AfricaAsiaEuropeUnited Nations

War crimes and crimes against humanity committed in Libya since 2016, says UN


Show caption A detention centre in Zawiya, west of the Libyan capital, Tripoli. Photograph: Mahmud Turkia/AFP via Getty Images Libya War crimes and crimes against humanity committed in Libya since 2016, says UN Fact-finding mission says migrants and detainees particularly exposed to violations since civil war Peter Beaumont Mon 4 Oct 2021 14.21 BST Share on Facebook

Share on Twitter

Share via Email

War crimes and crimes against humanity including murder, torture, enslavement, extrajudicial killings and rape have been committed in Libya since 2016, a United Nations investigation has found.

The independent fact-finding mission on Libya, commissioned by the UN Human Rights Council, said migrants and detainees were particularly exposed to violations that have occurred since the country was plunged into a state of instability and civil war.

Amid concerns about foreign mercenaries who have been operating in Libya, the experts said there were “reasonable grounds to believe” that personnel from a Russian private military company known as the Wagner Group “may have committed the crime of murder” in connection with evidence that they had fired gunshots directly at people not taking direct part in the hostilities.

The experts also cited reports indicating that the Libyan coastguard, which has been trained and equipped by the European Union as part of efforts to staunch the flow of migrants across the Mediterranean, had mistreated migrants and handed some over to detention centres where torture and sexual violence were “prevalent”.

The mission suggested that rights abuses that targeted minorities, women and other civilians were prevalent in the period they examined.

Oil-rich Libya has been torn by conflict since the 2011 toppling and killing of the dictator Muammar Gaddafi in a Nato-backed uprising, with rival administrations vying for power.

Since 2014 Libya has been split by warring administrations supported by Turkey in the west and Russian mercenaries in the east. As part of a UN-backed programme after the signing of a ceasefire last October, Libya is due to hold presidential and parliamentary elections at the end of 2021.

“The violence that has plagued Libya since 2011, and which has continued almost unabated since 2016, has enabled the commission of serious violations, abuses and crimes, including crimes against humanity and war crimes, against the most vulnerable,” the three members who led the mission said in their report.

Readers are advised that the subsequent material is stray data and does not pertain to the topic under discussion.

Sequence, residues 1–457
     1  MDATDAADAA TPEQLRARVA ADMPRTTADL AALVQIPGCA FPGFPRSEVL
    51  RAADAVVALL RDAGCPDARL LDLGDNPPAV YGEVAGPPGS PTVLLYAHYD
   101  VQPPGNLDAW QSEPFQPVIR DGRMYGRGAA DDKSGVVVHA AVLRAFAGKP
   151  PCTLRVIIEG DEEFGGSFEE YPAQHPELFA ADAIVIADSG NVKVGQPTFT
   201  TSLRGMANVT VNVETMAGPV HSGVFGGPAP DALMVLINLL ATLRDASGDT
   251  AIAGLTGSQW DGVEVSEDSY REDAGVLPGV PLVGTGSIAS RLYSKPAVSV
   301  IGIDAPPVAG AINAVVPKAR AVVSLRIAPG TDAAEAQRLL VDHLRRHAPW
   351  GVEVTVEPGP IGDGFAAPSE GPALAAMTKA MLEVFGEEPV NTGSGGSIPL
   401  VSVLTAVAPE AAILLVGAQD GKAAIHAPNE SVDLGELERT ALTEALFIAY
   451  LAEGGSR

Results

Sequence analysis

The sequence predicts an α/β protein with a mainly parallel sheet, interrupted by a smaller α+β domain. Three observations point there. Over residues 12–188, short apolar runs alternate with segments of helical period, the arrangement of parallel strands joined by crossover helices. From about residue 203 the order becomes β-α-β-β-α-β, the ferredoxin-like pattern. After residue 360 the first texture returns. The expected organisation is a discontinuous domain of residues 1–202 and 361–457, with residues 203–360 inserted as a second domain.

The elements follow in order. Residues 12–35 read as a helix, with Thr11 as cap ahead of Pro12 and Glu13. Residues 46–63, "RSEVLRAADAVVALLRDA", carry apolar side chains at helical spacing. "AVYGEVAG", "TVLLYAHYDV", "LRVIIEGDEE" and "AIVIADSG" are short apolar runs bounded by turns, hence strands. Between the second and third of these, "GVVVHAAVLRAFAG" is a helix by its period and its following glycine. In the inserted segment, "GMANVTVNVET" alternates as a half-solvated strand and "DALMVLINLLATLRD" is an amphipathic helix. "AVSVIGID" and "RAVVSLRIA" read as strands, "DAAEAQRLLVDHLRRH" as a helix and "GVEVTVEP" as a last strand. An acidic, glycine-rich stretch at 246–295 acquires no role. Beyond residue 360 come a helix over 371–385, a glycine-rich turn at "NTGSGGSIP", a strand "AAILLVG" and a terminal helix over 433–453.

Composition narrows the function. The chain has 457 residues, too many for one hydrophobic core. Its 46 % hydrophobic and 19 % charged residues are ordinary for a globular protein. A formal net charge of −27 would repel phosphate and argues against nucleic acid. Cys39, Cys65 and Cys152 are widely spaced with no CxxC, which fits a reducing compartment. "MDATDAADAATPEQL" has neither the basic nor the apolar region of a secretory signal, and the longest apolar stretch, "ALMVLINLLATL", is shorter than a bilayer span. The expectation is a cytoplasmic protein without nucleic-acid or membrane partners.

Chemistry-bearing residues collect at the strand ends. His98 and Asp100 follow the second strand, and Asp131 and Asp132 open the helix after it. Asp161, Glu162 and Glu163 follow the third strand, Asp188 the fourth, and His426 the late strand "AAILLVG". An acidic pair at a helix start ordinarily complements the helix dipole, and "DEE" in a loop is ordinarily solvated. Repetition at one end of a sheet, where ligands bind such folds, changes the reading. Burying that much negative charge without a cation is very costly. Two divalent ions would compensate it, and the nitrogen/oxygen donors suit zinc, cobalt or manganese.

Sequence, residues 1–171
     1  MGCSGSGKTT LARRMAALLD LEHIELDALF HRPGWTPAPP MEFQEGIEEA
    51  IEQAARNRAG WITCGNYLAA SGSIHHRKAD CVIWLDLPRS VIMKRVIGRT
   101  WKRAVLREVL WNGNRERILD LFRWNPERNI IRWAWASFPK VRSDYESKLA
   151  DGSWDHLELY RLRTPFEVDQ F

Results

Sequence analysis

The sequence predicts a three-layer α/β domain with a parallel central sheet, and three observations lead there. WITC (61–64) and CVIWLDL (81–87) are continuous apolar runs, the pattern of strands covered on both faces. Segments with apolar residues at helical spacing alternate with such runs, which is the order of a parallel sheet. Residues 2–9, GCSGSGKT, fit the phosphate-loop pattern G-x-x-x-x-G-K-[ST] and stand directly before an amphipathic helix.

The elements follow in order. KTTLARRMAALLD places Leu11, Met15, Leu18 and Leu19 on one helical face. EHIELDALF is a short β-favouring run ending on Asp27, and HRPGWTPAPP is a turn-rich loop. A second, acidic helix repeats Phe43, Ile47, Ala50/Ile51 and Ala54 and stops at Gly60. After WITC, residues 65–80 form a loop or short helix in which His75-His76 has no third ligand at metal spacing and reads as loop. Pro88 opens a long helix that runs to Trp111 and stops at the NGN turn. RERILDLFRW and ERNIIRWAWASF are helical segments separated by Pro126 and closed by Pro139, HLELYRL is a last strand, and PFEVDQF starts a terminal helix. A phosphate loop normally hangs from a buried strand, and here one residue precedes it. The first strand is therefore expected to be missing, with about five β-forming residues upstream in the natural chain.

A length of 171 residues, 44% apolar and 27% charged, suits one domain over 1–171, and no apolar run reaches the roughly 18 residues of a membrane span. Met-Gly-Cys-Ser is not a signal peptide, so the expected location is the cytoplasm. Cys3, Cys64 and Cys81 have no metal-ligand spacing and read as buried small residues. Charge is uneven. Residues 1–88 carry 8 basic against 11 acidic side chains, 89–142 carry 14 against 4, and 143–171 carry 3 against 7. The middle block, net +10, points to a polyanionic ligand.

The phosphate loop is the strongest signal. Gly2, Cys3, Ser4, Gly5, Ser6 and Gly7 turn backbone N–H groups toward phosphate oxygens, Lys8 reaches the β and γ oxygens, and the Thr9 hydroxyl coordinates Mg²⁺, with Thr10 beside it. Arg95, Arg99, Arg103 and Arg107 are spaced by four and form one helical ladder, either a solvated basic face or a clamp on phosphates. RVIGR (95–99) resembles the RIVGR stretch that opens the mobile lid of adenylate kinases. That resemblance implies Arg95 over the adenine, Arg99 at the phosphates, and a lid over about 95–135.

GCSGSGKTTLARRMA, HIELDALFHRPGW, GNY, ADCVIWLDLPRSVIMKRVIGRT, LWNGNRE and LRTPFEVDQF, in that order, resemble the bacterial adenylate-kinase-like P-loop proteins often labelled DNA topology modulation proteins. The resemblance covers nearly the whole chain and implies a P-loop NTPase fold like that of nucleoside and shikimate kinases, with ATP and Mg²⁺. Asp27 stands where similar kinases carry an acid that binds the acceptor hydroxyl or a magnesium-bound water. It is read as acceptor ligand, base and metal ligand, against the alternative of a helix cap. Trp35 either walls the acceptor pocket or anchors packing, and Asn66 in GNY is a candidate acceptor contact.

“All parties to the conflicts, including third states, foreign fighters and mercenaries, have violated international humanitarian law, in particular the principles of proportionality and distinction, and some have also committed war crimes,” said Mohamed Auajjar, who chaired the mission.

He added: “Civilians paid a heavy price during the 2019-2020 hostilities in Tripoli, as well as during other armed confrontations in the country since 2016. Airstrikes have killed dozens of families.

“The destruction of health-related facilities has impacted access to health care and anti-personnel mines left by mercenaries in residential areas have killed and maimed civilians.”

Describing crimes committed against migrants, Chaloka Beyani, another mission member, said: “Migrants, asylum-seekers and refugees are subjected to a litany of abuses at sea, in detention centres and at the hands of traffickers.

“Our investigations indicate that violations against migrants are committed on a widespread scale by state and non-state actors, with a high level of organisation and with the encouragement of the state – all of which is suggestive of crimes against humanity.”

The unrest in the north African country has had a dramatic impact on Libyans’ economic, social and cultural rights, as borne out by attacks on hospitals and schools.

The mission said it had identified individuals and groups – both Libyan and foreign – who may bear responsibility for the violations, abuses and crimes. However, it said the list would remain confidential until it could be shared with appropriate accountability mechanisms.

Though the Libyan judicial authorities are investigating most of the cases documented in the report, the process “faces significant challenges”, the experts said.

In June 2020, the Human Rights Council – the UN’s top rights body – adopted a resolution calling for a fact-finding mission to be sent to Libya. The move had Tripoli’s support.

The experts, appointed in August last year, were charged with investigating alleged violations and abuses of international human rights law and international humanitarian law committed in Libya since 2016.

Auajjar was joined by fellow human rights experts Beyani and Tracy Robinson.

They gathered and reviewed hundreds of documents, interviewed more than 150 individuals and conducted investigations in Libya, Tunisia and Italy.

Their report documents the recruitment and direct participation of children in hostilities, plus the enforced disappearance and extrajudicial killings of prominent women.

The experts said anti-personnel mines left by mercenaries in residential areas had killed and maimed civilians.

Migrants seeking passage across the Mediterranean Sea to Europe were subjected to a litany of abuses in detention centres and at the hands of traffickers, said Beyani.

Violations are committed “on a widespread scale” by state and non-state actors, “with a high level of organisation and with the encouragement of the state – all of which is suggestive of crimes against humanity”, the Zambian expert said.

Agence France-Presse contributed to this report